Digging Up Dirt Before You Hire
It’s getting harder to know who or what you’re hiring these days. Many resumes seem to be more of an exercise in creative writing than the fact-filled document we hope for.
Add to this the fact that former employers are becoming increasingly hesitant to give any references beyond confirming a person’s employment for fear of being sued, and you can see why this whole business of hiring someone is becoming a pain in the butt.
Not that there is a big chance of hiring the next Jack (or Jackie) the Ripper, but it would be nice to have a better idea about people before they join your company ranks.
Don’t Hire a Problem
It’s important that you take care during the hiring process. If you end up hiring a problem, you may have an even bigger problem “unhiring”- them as there is a growing tendency for people to sue companies for firing them. It can also cause you to run into major time-consuming problems.
For example, in some jurisdictions you can’t fire the person who comes to work drunk every day. You have to provide him with, and pay for, an employee assistance program to help them with their “disability.”
My question to you is, would you knowingly hire someone who has a drinking problem? I’m probably not going out on much of a limb here when I say that I suspect the answer is no.
I grant you that this kind of potential problem (excessive drinking) is very difficult, if not downright impossible, to uncover during the hiring process. Often you have to trust your instincts.
For example, I’m not sure why but I had a suspicion about a candidate I was considering many years ago. During the reference check, which was going pretty well, I made a comment that I thought “Fred”- might like to have a drink or two during the day. There was a long silence on the other end of the phone before the person said, “That’s very perceptive of you.” Suspicion confirmed.
Making the Extra Effort
Hiring someone is a little like getting married, easy to do, hard to undo. This being the case, you’d think that more managers would put a little extra effort into making sure they’re hiring the right person.
While a sales assessment test can help you make a better match between the candidate and the sales position, the job of checking out a candidate’s character and values is more challenging. However, there are new and different tools available to help with this, the Internet being prime among them.
Smart companies are taking the time to use these tools to take a closer look at who they let in the door.
A lot of people, particularly young people, shoot themselves in the foot by inadvertently advertising to the world how stupid they can be.
How else do you explain the plethora of poor-taste photos and inane writings that they post on their personal social networking sites such as FaceBook or Twitter? It’s as though they think that the only people who will be seeing the stuff is their friends. They might as well just hire a billboard along a busy highway for all the privacy they have.
We tend to think that only teens use these social networks, but statistics show the average age of a FaceBook and Twitter user as being in their forties.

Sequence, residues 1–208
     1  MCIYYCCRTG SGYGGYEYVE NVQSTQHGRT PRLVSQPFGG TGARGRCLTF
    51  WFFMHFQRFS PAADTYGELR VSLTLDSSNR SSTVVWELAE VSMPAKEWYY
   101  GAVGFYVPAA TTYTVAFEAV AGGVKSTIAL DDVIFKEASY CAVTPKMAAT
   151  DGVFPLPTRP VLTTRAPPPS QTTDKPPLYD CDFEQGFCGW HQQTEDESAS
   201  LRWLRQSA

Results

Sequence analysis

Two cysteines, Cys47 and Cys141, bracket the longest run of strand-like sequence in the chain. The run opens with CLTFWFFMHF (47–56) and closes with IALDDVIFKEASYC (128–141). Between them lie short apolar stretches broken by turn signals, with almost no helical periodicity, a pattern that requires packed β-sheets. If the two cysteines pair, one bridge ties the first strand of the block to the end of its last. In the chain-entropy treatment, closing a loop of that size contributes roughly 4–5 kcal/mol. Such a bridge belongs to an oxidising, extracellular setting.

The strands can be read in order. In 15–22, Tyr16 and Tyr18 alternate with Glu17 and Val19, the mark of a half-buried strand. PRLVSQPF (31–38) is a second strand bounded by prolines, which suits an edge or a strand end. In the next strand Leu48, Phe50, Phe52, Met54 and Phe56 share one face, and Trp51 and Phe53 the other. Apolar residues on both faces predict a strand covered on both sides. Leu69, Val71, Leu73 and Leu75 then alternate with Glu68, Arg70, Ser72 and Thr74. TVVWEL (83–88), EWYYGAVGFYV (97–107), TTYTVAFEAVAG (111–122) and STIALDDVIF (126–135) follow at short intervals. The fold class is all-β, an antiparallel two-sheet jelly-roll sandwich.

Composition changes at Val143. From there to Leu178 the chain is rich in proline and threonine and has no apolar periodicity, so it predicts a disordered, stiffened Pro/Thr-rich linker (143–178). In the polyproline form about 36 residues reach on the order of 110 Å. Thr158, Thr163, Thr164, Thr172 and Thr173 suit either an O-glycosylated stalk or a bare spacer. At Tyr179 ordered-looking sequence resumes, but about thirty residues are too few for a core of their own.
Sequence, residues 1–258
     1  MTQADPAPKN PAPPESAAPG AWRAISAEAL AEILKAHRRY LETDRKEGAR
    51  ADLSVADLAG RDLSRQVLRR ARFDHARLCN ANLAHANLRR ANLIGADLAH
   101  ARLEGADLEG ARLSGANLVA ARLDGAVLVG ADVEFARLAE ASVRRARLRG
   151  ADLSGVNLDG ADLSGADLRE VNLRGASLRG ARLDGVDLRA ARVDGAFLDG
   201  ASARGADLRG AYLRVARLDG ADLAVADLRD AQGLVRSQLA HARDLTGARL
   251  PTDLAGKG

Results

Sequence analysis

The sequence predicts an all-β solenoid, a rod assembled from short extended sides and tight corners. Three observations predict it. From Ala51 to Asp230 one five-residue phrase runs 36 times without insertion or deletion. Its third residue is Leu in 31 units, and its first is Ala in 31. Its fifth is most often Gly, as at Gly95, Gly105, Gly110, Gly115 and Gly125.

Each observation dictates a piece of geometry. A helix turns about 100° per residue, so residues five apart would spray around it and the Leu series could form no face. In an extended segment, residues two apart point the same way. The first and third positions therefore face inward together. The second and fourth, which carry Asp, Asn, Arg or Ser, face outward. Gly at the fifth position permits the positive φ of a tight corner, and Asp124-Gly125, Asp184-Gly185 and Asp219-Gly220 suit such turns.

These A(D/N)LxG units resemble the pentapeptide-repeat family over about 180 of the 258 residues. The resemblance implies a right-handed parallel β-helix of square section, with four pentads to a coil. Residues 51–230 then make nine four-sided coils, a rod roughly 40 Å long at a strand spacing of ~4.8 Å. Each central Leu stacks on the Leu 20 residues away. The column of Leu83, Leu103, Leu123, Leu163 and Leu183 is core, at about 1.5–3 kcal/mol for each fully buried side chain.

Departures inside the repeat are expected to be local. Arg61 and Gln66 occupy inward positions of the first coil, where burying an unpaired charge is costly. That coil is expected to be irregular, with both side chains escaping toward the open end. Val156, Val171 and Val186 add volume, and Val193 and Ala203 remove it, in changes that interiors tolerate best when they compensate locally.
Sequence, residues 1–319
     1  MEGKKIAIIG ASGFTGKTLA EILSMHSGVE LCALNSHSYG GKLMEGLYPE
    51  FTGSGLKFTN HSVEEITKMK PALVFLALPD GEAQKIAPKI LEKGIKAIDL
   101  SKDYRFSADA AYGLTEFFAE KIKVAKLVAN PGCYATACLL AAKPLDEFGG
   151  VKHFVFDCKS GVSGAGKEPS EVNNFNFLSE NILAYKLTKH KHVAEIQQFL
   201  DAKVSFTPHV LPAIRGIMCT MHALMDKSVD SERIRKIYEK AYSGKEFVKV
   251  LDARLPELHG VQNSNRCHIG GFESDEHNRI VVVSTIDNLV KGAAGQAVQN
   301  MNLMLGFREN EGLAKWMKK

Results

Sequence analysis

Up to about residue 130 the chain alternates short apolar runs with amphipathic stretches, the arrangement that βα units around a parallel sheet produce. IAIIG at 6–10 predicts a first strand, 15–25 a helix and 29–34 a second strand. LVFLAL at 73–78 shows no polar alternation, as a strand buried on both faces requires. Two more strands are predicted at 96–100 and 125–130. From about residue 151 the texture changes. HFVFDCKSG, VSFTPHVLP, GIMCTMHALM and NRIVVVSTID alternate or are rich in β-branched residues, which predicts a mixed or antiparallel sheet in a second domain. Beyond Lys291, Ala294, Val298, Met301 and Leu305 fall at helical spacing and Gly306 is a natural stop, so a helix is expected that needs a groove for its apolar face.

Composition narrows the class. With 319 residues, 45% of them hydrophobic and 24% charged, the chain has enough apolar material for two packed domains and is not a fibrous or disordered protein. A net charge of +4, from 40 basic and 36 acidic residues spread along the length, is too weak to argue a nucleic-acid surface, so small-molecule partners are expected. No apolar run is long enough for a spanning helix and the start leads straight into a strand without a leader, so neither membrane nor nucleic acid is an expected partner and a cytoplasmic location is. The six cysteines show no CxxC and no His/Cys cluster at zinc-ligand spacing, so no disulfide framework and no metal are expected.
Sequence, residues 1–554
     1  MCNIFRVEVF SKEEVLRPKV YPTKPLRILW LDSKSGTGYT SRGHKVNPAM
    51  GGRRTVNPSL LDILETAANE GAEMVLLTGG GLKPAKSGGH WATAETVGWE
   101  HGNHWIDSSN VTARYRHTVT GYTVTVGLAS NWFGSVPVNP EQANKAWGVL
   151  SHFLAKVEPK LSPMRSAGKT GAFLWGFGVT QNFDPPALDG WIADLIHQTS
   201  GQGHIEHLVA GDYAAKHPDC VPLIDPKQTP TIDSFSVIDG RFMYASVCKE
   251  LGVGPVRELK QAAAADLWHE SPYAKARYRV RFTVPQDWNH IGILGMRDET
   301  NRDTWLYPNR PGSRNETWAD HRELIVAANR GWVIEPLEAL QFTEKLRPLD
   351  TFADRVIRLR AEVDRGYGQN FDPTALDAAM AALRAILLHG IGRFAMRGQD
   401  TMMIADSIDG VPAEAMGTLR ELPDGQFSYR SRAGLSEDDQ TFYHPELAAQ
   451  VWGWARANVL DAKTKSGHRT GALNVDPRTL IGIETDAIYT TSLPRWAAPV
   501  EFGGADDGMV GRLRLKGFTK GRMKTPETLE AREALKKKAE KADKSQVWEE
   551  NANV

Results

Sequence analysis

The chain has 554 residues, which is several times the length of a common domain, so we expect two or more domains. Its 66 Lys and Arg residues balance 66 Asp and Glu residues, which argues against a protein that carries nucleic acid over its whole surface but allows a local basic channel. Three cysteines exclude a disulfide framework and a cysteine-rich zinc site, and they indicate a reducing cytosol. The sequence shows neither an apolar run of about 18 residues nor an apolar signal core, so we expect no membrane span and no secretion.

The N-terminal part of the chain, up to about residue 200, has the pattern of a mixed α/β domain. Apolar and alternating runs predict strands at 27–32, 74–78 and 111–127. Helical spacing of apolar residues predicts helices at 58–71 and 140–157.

Digging Up the Dirt
I’m not saying that you should deliberately dig up dirt on candidates. I am suggesting that you should use the publicly available information sources to round out your knowledge of candidates you are considering to hire.
In all fairness, not everything people put up on their social networking sites is in poor taste. Far from it. Having said that, these social networking sites can provide you with additional insights into the individual’s interests and values.
Someone’s social networking site that contains photos or videos of themselves and their families having fun paints a far different picture from one that shows a person holding a bottle of beer in each hand with a glazed look in their eyes. If nothing else, the former indicates someone with a sense of maturity while the latter indicates a fun-loving spirit.
It’s up to you to decide the type of person you want working for you and representing your company in the marketplace.
Too Much Bad Information
While the Internet is a great source of information, not all the information is true or valid.
Case in point: At one time, if you typed my name into the Google search engine, you would discover that I was secretary of the local Hells Angel’s motorcycle club in St Catherines, Ontario, Canada and that I had a substantial criminal record. Trust me… that wasn’t me!
Hey! Try Googling yourself and see what you find.
So, suppose you Googled a candidate’s name and up popped a criminal record containing multiple DUIs and further investigation showed that the information was valid. You’ve just dug up some very important dirt. If this ever happens, be sure that you have the dirt on the right person.
Don’t Go Overboard
Look, don’t make a big deal out of this. All I’m suggesting is that it’s prudent to type a candidate’s name into an Internet search engine and a couple of social networking sites to see what comes up.
If there’s nothing, good. Move along. If something does come up, check it out. See who their friends are and what videos and pictures they are sharing with the world. If what you see makes you uncomfortable, investigate it further.
The idea is to check out possible piles of dirt before it gets dumped in your corporate backyard. If there’s a problem, you want to find out before you hire, not after.
So, go digging for dirt and be happy if you don’t find any.